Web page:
Plan B: Data scraping

4 minute read

I enjoy listening to podcasts.  I will listen mostly to technical or entrepreneurial podcasts, but I also like to listen to podcast about subjects which are completely different.  One of my favourite podcasts is NPR Planet Money.  I enjoy it first and foremost because of the wonderful story telling in every episode, and also just because the usually cover such interesting topics.  One episode a while back stands out to me as a techie - Episode 396: A Father Of High-Speed Trading Thinks We Should Slow Down.

It is about the history of Thomas Peterffy who is one of the key figures in the development of electronic trading of  securities. The episode describes how he developed automated ways to get into the data feeds of Quotron machines in the late 70’s/early 80’s and then in the late 80’s when the Nasdaq was opened he figured out a way once again hook into the Nasdaq data feeds, feed the data into his computer which did some number crunching and then automatically place orders.  My summary does not do his story justice.  You really need to go and listen to the episode.

At the end of last year I sold all my belongings and I am now travelling the world.  I tend to travel very slowly and stay at a place for weeks or months at a time.  I also meet a lot of people on my travels who do the same as me (i.e. travel and have some way to make money on the internet) and it always fascinates me to hear of the clever ways in which people make money.  In Hue, Vietnam I met a German called Michael.  He is clever with computers and his friend is clever with formulas.  Very similar to the story of Thomas Peterffy, they have figured a way to do automated betting on horse races.  They basically scrape data from web pages, feed it into their system which does some number crunching and then based on that automatically places bets on horse races by doing some clever automation of web pages.

The purpose of these stories?  At some point in your life as a programmer you will probably run into a scenario where there is no standard documented or supported way to do something.  Your boss will want it done and you will need to find a Plan B to make it happen.  It may involve something complicated like splicing of cables and tapping into data streams, or something more simple like scraping data from a web page.  I love that about our industry - the fact that every now and again our creativity is challenged and that we need to come up with an innovative way in which to solve a problem.

In the rest of this blog post I will show you a very simple way to do some basic web scraping.  There is nothing ground breaking or revolutionary about this.  It is simply yet another one of the hundreds of little techniques which us developers need in our tool chest at some stage in our careers. When that time comes maybe this blog post will help you out.

Let’s write some code

In a previous blog post I described how to use CSS selectors to extract Open Graph data from an HTML document.  CSS selectors are used in Cascading Style Sheets, to determine which style rules to apply to a document.  Because of their pattern matching ability they can also be used to describe a pattern for DOM elements to select from a document.  This ability is for example used in jQuery to select elements in a document which can then be manipulated further.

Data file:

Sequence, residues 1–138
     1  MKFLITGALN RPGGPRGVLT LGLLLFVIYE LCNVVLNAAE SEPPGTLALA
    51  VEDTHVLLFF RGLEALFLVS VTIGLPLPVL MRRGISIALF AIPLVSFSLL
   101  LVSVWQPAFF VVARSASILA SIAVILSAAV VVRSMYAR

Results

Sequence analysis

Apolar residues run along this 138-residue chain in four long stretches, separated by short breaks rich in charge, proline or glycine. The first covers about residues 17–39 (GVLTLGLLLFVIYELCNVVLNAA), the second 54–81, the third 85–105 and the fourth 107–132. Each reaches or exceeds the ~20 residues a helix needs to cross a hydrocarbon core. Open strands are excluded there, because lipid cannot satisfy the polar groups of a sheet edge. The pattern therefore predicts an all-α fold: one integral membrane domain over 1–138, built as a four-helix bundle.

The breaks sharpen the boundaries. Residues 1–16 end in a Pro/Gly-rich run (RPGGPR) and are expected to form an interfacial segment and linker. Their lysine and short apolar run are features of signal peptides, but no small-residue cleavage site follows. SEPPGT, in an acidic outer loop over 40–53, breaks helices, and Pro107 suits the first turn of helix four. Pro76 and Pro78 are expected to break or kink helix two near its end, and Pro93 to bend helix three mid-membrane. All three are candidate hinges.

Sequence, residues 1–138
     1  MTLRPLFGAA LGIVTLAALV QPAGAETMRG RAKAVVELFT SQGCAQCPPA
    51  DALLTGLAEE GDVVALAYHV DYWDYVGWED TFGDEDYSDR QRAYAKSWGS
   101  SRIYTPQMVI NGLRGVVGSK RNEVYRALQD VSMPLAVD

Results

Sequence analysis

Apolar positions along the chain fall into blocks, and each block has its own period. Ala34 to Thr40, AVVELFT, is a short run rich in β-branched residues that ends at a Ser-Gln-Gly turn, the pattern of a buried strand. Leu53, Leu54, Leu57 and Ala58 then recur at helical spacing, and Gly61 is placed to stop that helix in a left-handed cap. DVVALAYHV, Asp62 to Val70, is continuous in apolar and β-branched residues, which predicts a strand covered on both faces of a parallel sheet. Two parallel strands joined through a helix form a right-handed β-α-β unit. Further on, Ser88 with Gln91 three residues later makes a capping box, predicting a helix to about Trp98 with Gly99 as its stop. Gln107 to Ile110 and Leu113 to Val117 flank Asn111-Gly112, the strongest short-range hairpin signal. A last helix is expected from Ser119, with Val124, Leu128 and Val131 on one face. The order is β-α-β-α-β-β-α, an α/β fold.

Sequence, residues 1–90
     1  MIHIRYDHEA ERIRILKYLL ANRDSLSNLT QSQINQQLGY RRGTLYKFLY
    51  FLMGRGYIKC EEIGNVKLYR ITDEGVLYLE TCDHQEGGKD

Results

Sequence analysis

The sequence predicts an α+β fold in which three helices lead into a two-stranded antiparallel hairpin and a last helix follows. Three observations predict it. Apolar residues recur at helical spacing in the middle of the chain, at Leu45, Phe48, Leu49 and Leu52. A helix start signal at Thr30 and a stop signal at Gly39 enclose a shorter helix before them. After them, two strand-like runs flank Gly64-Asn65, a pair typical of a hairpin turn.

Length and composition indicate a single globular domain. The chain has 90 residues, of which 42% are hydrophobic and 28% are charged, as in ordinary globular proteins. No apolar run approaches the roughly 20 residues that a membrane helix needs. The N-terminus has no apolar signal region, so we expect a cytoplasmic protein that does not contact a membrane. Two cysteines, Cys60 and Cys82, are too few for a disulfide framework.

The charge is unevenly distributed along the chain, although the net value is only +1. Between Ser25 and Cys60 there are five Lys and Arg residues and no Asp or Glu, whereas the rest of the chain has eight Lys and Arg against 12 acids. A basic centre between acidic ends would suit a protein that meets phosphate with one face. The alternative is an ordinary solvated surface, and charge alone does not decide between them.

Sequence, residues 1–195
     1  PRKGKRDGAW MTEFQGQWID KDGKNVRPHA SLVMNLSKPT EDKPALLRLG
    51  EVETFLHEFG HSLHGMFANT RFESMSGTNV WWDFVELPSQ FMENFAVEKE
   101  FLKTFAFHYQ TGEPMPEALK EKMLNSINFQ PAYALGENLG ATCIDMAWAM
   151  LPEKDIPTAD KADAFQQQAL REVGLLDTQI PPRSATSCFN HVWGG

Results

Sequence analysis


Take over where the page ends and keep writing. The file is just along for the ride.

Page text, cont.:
For the purpose of this blog post I will be using HTML Agility Pack to parse the HTML document.  I also use Fizzler which extends HTML Agility Pack to allow me to select HTML elements with CSS selectors.

Seeing as I like traveling I will demonstrate how to extract the list of specials from the Geckos Adventures website which is located at http://www.geckosadventures.com/browse/specials.  The first bit is to identify which CSS selectors to use to extract the correct DOM elements.  All modern browsers will have some sort of page inspector which you can use to inspect DOM elements.

As you can see in the screenshot above the list of specials are contained in DIV elements with the class .views-row.  To select each record we want to display we can therefore use the CSS selector div.views-row to select the list of records.  The basic code for this looks as follows:

using (HttpClient httpClient = new HttpClient())
{
    string html = await httpClient.GetStringAsync(uri);

    HtmlDocument document = new HtmlDocument();
    document.LoadHtml(html);

    // Select the individual items
    var tripNodes = document.DocumentNode.QuerySelectorAll("div.views-row");
}

Once we have the list for DIV elements we can process each of them further to extract the image, description and price.  The title of the trip is contained inside an H4 element.  It is the only H4 element inside the DIV so we can simply specify the CSS selector H4 to select the title.  If there were more than one H4 inside the DIV you would have had to specify a more specific CSS selector to ensure you get the correct element. Is is important for you to ensure that you are specific enough with your CSS selectors to only select the elements in which you are interested. Following a similar fashion we identify the CSS selectors to select the other elements.

string title = WebUtility.HtmlDecode(node.QuerySelector("h4")
    .InnerText);
string imageUrl = node.QuerySelector(".search-item-left .search-item-hero a img")
    .GetAttributeValue("src", null);
string tripUrl = "http://www.geckosadventures.com" + node.QuerySelector("a.search-item-view-trip")
    .GetAttributeValue("href", null);
string salesPriceText = node.QuerySelector(".search-item-left .pg_tripcode")
    .InnerText;

Below is a screenshot of the running application

Did you notice an error? Please help me and the other readers by heading over to the GitHub repo for this blog and submit a Pull Request with the corrections.